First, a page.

Baseball, that great American pastime always seems to walk around with a high sense of who it is, just like their new president. Afterall, who else but Major League Baseball would call their league title the “World Series” when the only teams (not countries) participating in it are made up of 29 American cities and 1 Canadian. In fairness, what the rest of the world may call arrogance, they themselves call self confidence. Therefore it comes as no surprise that it was MLB and the Players Union who proposed the idea of the World Baseball Classic to the International Baseball Federation many years ago. A proposal I am sure to prove how mighty they are while also generating a ton of cash. With their record however against the rest of the world, Americans may want to reconsider their pastime and probably change that title to the North American Series.
There have been 3 Classics prior to this year’s and as I am sure all of you know where I am going with this, the United States haven’t won any of them. In fact, they have never even been to a championship game. For that matter, they haven’t earned a bronze medal either. Their best result was a 4th place finish back in 2009. As the 2017 Classic is going on, they haven’t been the best team so far but they haven’t been eliminated either. This may finally prove to be the year where they actually get a medal.
Although MLB is far, far away from being considered a world league, there has been an increase in foreign players including those playing for other countries. As per the 2016 season stats, there are 149 from Dominican Republic, 118 from Venezuela, 34 from Cuba and 13 from Canada. Other countries that are also in the big show include Puerto Rico, Mexico, Japan, South Korea and many more. Regardless though, the US still dominates with over 800 players including 221 from the state of California alone. The hypocrisy of calling it a World Series though isn’t lost on these players as it is still the league they most wish to play in. That includes the phenomenal Japanese prospect Shohei Otani.
When the 22 year old right hander graduated high school in 2012 he said he was coming across the Pacific to play in North America. The only thing that changed his mind was being able to dictate how he wants to play. You see, not only is he a good pitcher, and by good I mean good enough to be named the starting pitcher for an All-Star game. But the 6 ft 4 in kid is also good with a bat, and by good I mean good enough to also win the All-Star game home run derby. That’s right, Otani can pitch like a Cy Young and he can bat like an MVP.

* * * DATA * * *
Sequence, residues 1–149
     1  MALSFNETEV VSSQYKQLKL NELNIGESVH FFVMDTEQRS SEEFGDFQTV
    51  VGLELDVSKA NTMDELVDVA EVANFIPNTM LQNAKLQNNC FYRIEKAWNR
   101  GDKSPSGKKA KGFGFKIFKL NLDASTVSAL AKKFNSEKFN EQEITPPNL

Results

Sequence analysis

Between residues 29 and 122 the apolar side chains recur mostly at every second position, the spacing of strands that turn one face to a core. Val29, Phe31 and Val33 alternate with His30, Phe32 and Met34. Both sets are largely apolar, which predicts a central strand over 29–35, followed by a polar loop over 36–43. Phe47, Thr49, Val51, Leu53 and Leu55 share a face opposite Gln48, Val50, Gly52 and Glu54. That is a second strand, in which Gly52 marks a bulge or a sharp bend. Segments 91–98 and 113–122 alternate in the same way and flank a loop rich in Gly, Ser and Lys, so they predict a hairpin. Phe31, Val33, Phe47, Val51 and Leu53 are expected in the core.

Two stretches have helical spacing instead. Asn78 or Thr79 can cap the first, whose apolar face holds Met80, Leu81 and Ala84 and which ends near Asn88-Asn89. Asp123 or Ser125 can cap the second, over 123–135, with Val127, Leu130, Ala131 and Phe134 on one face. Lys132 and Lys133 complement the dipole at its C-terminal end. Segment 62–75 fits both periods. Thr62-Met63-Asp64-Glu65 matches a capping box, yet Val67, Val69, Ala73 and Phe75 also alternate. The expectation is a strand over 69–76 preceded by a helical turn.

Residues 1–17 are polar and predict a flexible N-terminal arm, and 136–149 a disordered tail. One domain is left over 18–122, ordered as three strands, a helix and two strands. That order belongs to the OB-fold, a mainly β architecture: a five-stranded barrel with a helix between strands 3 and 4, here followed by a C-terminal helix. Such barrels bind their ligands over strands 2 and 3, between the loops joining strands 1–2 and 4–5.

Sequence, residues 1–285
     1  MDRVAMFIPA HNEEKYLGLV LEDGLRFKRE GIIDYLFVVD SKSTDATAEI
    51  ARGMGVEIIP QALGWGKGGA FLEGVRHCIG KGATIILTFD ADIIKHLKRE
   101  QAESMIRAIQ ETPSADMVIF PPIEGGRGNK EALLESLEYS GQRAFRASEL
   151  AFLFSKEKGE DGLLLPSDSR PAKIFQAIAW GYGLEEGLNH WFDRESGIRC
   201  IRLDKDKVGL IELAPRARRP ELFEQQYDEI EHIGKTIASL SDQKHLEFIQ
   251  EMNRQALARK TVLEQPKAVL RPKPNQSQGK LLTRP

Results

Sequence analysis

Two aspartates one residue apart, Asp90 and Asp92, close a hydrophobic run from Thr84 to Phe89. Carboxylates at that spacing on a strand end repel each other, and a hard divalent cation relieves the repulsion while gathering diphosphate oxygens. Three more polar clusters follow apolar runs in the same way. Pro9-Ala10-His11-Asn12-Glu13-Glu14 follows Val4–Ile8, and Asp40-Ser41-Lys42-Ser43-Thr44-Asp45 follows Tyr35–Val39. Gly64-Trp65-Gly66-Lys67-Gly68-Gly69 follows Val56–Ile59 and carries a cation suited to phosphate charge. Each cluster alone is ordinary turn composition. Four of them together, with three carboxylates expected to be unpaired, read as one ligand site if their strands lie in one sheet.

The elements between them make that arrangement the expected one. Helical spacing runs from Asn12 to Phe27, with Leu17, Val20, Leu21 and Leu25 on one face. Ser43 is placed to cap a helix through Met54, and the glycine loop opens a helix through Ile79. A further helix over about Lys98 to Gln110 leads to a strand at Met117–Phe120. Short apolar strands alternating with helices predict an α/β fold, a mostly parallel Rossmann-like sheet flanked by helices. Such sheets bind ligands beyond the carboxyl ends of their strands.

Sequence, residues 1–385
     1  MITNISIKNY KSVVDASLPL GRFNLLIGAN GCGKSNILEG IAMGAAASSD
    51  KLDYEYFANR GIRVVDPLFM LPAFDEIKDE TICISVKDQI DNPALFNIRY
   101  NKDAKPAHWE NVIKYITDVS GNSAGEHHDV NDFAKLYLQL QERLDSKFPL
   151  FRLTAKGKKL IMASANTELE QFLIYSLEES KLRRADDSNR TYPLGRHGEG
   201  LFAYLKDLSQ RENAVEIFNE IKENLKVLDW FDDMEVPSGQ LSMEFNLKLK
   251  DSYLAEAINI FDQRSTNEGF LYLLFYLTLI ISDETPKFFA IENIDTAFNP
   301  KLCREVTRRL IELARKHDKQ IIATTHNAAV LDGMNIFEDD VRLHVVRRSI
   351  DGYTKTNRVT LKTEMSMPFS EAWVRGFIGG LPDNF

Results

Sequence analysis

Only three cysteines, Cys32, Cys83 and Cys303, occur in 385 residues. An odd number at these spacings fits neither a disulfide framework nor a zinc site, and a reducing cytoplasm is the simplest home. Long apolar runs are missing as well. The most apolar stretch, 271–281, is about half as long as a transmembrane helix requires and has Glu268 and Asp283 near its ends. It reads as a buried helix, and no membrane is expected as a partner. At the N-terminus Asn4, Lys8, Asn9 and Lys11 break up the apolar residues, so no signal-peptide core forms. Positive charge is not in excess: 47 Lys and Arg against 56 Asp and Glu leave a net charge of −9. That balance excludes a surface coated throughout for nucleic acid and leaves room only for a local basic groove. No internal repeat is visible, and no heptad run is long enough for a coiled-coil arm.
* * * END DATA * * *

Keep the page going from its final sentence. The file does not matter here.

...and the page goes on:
So in his initial discussions with most clubs, since there has been nobody in the league like this since Babe Ruth, they have been encouraging Otani to stick with pitching. That is how the Hokkaido Nippon-Ham Fighters of the Japanese League were able to convince him to sign with them back in 2012. They are the only ones who said he can do both. So apart from pitching and batting, he also has an arm and plays outfield. Therefore, in the past 2 and a half years, he has done everything in baseball and have done it well. The 3x NPB All-Star has a 39-13 record with a 2.48 era and 595 strikeouts. He also has 229 hits, 135 rbis and 40 home runs. Not only is there nothing this kid can’t do, but he is only 22 which means he is still hasn’t reached his full potential.
His journey to the US and the “world series” won’t happen this year it seems. Right now the projection is that he will be signing in early 2018 as that could land his team a much bigger fee. Don’t feel sad though, because Shohei Otani will be doing just fine on his own as people are projecting a $300M total offer coming his way. The question becomes is he better suited for the National League where he gets to hit every fifth day or will a team like the Boston Red Sox or New York Yankees (the usual culprits) cave in and agree to let the kid be a designated hitter/outfielder between starts. Regardless of which team he signs with, players and fans from around the real world will be there watching.
» Sports » Japan’s Shohei Otani casts a big...